German Interior Minister Horst Seehofer warned that the country could soon be overwhelmed by a refugee wave more significant than the one in 2015.

“We need to do more to help our European partners with controls at the EU’s external borders. We’ve left them alone for too long,” Seehofer said during a visit to Turkey. “If we don’t do this, we’ll experience a wave of refugees like in 2015 – or perhaps an even larger one.”

Germany’s state broadcaster Deutsche Welle reported the minister’s warning:

German Interior Minister Horst Seehofer has warned of a larger influx of refugees than that seen in Europe in 2015. He made the statement during an official visit to Greece.

Traveling with incoming European Commission President Ursula von der Leyen, Seehofer also said the EU had to do more to support Turkey so that refugees did not attempt the often dangerous crossing to Greece.

During a two-day trip this week, Seehofer traveled to both Turkey and Greece, where he held talks with government representatives, hoping to broker a strong deal on refugees and border controls.

“We have to help our European partners even more in patrolling the EU’s external borders; we have left them alone for too long,” Seehofer told the Bild am Sonntag newspaper, referring not only to Greece but also to Spain and Italy. “If we don’t, we will once again see a refugee wave like in 2015 — maybe even greater than four years ago.”

The fear of a new migrant wave comes as Ankara prepares for a military invasion in northeast Syria after the U.S. pulls out, media reports suggest. Turkish forces have gathered near the border with Syria, a move aimed at targeting positions held by pro-U.S. Kurdish allies. Kurds played a crucial role in pushing back the Islamic State (ISIS) in Syria and Iraq.

Turkish President Recep Tayyip Erdogan has repeatedly threatened to “open the gates” for illegal immigrants if the European Union fails to meet his ever-increasing demands. Ankara could again use the threat to silence Europe if it wages war against the Kurds in neighboring Syria.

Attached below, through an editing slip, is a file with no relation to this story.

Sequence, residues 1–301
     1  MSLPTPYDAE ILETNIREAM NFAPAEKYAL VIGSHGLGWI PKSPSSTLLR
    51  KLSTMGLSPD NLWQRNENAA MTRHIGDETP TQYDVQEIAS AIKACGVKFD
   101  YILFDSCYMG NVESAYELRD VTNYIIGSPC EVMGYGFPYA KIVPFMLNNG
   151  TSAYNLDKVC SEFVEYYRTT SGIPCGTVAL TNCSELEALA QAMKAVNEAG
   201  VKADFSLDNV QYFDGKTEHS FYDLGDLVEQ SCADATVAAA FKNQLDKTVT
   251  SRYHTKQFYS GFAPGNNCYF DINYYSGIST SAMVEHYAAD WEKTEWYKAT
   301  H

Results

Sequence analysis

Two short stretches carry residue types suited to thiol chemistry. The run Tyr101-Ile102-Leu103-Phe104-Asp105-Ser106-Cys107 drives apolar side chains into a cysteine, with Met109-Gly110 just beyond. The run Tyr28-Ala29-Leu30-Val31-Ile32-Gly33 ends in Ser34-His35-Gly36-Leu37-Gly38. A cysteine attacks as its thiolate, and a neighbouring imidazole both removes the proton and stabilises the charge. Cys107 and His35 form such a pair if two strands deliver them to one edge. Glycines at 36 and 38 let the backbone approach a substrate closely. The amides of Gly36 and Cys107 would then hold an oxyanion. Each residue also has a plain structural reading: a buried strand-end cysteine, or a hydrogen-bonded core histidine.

In 2016, German Chancellor Angela Merkel reached a deal with Erdogan to ease the pressure on the unabated migrant surge. Berlin promised billions of euros in return for Ankara’s vague promises to slow down the migrant influx.

In a separate report, Deutsche Welle reported the details of the EU-Turkey deal:

Under a 2016 EU-Turkey agreement, Turkey committed to preventing migrants from reaching Greece. Greece was also permitted to send rejected asylum-seekers back to Turkey. In return, Turkey was pledged €6 billion ($6.6 billion) to house refugees in camps, while the EU also accepted a certain contingent whose asylum claims had been recognized. So far €5.8 billion has been allocated and €2.6 billion disbursed.

However, Greece has witnessed a massive spike in the number of illegal asylum seekers crossing over from Turkey.

“Irregular arrivals to Greece increased over the past weeks and months,” EU Migration Kommissar Dimitris Avramopoulos admitted last week. “There is an urgent need to further strengthen the prevention and detection of irregular departures from Turkey.”

If the recent migrant surge along the Greek-Turkish border is any indicator, the Merkel-Erdgoan pact is dead in its tracks. The Greek “islands right now are suffering from strangulation due to overcrowding at the facilities, and there is a need for more effective border guarding, and concern over possible increased flows in the coming period,” the government in Athens disclosed in August.

While Greece makes desperate calls for strengthening the border and coastal security, NGOs backed by Germany, and the EU continue to pick up migrants along the North African coasts and disembarking them in Greek, Spanish, and Italian ports.

If financially bankrupt Greece is unable to secure its coastline, Berlin isn’t in any better shape either. Nearly a million migrants — mainly from Arab and Muslim countries — swarmed the country after Chancellor Merkel opened Germany’s borders in September 2015. The surge led to a series of deadly Islamic terror attacks and a rise in violent migrant crime.

Four years on, the Merkel-led Germany is unprepared to face a migrant wave of the magnitude witnessed last time. There were not enough trained police officers to man Germany’s border, the head of Germany’s police union admitted.

“We don’t even have winter boots,” chairman of the German Police Federation (GdP) Jörg Radek told Der Tagesspiegel newspaper.

Migrant wave along Greek-Turkish border

[Cover image via YouTube]


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